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Ethical Case Study According to jan.ucc.nau.edu (n.d.) there are nine ethical theories including consequentialism, values clarification, utilitarianism, legalistic moralism, situation ethics, ethical realism, ethical hierarcicalism, principle ethics, and cognitive moral development that are most commonly used to evaluate matters.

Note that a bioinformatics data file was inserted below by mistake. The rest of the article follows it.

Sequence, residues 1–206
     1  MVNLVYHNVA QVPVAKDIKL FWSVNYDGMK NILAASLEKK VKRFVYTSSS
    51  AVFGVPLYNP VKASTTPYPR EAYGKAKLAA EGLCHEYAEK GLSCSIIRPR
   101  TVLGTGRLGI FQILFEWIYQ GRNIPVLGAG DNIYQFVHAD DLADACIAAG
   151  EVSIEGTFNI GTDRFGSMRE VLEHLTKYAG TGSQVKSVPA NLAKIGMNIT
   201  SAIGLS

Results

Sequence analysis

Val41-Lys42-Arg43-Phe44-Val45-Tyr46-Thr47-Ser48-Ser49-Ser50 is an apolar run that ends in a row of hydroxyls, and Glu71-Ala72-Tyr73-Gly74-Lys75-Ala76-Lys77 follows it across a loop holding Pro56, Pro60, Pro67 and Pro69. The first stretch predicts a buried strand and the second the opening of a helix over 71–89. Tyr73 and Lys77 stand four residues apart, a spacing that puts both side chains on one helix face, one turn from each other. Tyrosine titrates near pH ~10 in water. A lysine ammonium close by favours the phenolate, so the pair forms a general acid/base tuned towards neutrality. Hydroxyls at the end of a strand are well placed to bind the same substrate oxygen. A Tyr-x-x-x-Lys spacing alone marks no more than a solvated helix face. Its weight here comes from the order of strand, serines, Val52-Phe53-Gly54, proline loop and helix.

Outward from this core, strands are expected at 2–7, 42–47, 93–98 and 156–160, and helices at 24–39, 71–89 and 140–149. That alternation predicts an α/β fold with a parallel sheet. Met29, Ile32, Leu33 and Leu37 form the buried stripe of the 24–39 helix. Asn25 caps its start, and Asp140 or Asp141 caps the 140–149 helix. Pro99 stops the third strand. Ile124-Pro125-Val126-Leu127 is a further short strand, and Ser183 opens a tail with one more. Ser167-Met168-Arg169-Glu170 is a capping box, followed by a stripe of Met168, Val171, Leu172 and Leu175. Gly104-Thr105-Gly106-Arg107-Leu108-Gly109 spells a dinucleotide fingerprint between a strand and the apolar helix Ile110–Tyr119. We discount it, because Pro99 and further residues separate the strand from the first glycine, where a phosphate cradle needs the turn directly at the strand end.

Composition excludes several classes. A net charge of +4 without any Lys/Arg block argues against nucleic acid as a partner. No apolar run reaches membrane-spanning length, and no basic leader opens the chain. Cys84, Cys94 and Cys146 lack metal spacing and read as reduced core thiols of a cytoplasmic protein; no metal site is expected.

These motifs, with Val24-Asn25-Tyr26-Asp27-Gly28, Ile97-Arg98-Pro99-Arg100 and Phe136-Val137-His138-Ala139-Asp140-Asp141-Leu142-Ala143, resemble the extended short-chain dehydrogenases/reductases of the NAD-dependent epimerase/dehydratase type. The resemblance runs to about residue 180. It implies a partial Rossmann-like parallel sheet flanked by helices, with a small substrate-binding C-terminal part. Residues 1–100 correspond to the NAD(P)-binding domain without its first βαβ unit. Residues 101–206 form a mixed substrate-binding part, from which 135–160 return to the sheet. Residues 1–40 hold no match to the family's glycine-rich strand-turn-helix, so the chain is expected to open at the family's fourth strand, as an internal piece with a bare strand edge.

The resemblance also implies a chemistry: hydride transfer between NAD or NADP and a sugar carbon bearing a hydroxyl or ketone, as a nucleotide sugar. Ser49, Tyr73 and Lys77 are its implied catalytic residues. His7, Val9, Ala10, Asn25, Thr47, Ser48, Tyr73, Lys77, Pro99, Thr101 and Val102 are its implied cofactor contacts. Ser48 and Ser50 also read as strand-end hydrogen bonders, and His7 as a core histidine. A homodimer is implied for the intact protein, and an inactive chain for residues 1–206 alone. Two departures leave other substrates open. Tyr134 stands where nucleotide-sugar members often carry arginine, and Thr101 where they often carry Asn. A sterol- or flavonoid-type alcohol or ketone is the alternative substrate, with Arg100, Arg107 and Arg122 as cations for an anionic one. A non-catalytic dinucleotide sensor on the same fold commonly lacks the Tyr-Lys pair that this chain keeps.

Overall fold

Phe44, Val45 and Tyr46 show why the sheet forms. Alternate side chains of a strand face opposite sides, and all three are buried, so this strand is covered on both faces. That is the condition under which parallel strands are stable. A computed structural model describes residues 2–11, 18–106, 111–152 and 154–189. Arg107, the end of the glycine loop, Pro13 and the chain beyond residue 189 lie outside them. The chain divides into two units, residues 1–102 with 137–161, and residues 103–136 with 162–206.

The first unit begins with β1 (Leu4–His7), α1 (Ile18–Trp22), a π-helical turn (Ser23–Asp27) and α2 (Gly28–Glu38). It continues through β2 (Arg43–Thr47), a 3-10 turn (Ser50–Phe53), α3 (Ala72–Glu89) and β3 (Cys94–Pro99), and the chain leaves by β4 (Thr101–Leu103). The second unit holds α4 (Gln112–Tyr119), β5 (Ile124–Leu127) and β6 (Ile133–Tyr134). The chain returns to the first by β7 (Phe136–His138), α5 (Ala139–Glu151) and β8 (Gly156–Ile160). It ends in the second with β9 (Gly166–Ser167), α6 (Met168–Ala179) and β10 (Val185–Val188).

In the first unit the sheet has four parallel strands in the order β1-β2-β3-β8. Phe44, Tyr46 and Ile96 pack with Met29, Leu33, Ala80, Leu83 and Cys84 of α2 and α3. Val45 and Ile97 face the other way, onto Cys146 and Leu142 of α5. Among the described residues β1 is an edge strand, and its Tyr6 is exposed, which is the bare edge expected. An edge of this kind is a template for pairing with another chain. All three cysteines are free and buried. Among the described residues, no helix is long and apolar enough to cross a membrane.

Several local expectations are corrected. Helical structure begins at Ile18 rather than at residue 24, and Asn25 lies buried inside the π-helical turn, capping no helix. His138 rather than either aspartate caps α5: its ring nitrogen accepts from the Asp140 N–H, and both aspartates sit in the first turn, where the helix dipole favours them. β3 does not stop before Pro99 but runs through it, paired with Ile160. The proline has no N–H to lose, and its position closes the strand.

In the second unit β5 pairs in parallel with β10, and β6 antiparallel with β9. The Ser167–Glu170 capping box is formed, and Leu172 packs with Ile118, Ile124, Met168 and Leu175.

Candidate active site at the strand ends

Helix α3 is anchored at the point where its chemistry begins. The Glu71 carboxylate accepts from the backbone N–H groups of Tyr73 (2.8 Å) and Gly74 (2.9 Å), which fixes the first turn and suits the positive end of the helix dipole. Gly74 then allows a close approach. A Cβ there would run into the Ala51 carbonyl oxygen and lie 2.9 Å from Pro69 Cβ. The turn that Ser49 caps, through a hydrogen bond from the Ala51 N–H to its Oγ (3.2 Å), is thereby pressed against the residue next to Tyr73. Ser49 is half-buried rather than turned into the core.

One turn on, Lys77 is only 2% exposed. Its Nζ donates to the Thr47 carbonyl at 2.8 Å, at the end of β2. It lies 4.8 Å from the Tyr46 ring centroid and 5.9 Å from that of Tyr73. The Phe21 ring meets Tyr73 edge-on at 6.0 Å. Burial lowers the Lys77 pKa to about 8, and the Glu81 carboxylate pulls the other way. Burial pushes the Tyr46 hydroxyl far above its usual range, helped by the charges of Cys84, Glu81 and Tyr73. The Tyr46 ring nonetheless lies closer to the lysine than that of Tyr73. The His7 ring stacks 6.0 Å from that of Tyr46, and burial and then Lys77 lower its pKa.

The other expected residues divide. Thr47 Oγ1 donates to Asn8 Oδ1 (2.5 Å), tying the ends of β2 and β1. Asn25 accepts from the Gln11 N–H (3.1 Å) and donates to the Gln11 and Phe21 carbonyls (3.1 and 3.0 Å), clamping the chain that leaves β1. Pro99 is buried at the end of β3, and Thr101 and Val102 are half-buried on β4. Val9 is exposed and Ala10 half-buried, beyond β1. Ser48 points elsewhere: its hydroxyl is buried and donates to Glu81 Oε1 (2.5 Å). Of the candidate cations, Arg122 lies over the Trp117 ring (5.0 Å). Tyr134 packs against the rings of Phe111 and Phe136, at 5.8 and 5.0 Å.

Utilitarian ethics provides a fairly straightforward means of deciding a course of action for a particular matter. Using the utilitarian theory of ethics, first all possible alternative courses of actions have to be identified which are then evaluated for their potential merits and demerits for all the concerned parties (Andre and Velasquez, n.d.). Finally, the course of action whose benefits are maximal is selected. In light of the utilitarian theory of ethics, Paige should have evaluated all courses of actions that could be adopted. There were potentially three courses of actions that she could adopt. According to the first, Paige could have said “no” to Liz. This would have made her a loyal employee for she would have respected the hotel’s rules. Also, the woman and the child that had booked the hotel would have been given due service to. Only Liz would have been caused inconvenience to, but again, Liz was herself responsible for her situation since she did not book the hotel beforehand while she should have. According to the second, Paige could have done what she did. The second course of action had two positive and two negative consequences. ...
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